I’m not telling you to go buy a slam book and answer the heck out of the notebook or answer tons of personality quizzes on Facebook to find out which Harry Potter character you are. What I’m saying is to try getting in touch with who you really are. Ask your 20-something self questions that matter. Try things before passing judgment. I wouldn’t have known I’m into counterculture had I stereotyped way back and stuck to what’s mainstream. I’m not going Gandhi on you guys, but once you know what you want, it’ll cut a big load of thoughts out of that messy head of yours. Let me stress though that getting to know your self isn’t a destination, but a lifetime process. You’re going to meet a lot of versions of yourself in the future. Be sure to get to know him/her.

Going Against the Current

I know a lot of people being weighed down by other peoples’ expectations on them that they forget to stop for a minute and ask themselves if that’s what they really want for themselves. I get it. I really do. I have been like that. It feels good meeting the expectations of people who matter, but at the end of the day, you crave for self-fulfillment.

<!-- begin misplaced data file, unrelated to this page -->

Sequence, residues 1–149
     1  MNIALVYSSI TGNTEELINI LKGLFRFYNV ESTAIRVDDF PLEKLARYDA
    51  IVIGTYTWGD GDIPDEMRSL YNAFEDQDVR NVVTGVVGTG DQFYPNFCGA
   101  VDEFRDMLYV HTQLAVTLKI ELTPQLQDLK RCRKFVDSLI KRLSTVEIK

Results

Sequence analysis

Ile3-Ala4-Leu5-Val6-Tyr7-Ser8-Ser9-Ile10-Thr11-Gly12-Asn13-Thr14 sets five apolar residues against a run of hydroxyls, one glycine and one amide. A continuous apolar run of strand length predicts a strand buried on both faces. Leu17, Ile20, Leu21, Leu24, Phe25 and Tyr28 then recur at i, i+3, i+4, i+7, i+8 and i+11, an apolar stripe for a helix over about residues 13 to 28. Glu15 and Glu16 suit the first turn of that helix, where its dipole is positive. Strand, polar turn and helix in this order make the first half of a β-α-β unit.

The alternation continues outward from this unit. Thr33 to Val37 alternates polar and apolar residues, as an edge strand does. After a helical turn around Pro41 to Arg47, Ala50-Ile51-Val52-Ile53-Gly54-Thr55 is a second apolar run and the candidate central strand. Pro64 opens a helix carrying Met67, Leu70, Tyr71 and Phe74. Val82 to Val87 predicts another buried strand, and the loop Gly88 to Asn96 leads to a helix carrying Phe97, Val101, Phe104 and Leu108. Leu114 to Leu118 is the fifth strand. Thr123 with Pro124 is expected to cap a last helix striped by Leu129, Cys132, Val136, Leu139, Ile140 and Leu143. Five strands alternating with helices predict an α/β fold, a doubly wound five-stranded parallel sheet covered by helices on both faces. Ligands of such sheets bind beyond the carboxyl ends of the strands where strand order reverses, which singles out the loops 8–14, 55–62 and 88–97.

“Is this really what I want?”


Teach me how to gracefully let go of things not meant for me.

A photo posted by LEY. (@nerdy.ninja) on

If you want something nobody wants or agrees on, go ahead and want it. It may be that they haven’t opened their eyes fully yet because they haven’t seen anyone do it. Work hard to prove them wrong. Revolutionaries and visionaries didn’t stop when one person rejected their ideas, did they? What was once an insane idea could be something life-changing.

If you’ve had a change of heart, go do what it is you think will make you happy. Just make sure you don’t step on anyone in the process. Or if you unintentionally did, make sure you did all you could to avoid it. Inevitably, you might lose people, get judged, make tons of mistakes. You’ll hurt and get hurt a lot. Forgive yourself for being human, move on, and then let go. If your 20-something self has no idea what to do, that’s also okay. Let’s get lost together.

“Whatever you think, be sure it is what you think; whatever you want, be sure that is what you want; whatever you feel, be sure that is what you feel.” —T.S. Eliot

Stuck between YOLO and ‘Netflix and Chill’

I’m a firm believer that we have different plans laid out for each one of us, and that everything will fall into its place in due time. Just do what makes you happy. You’ll figure the rest out, I know.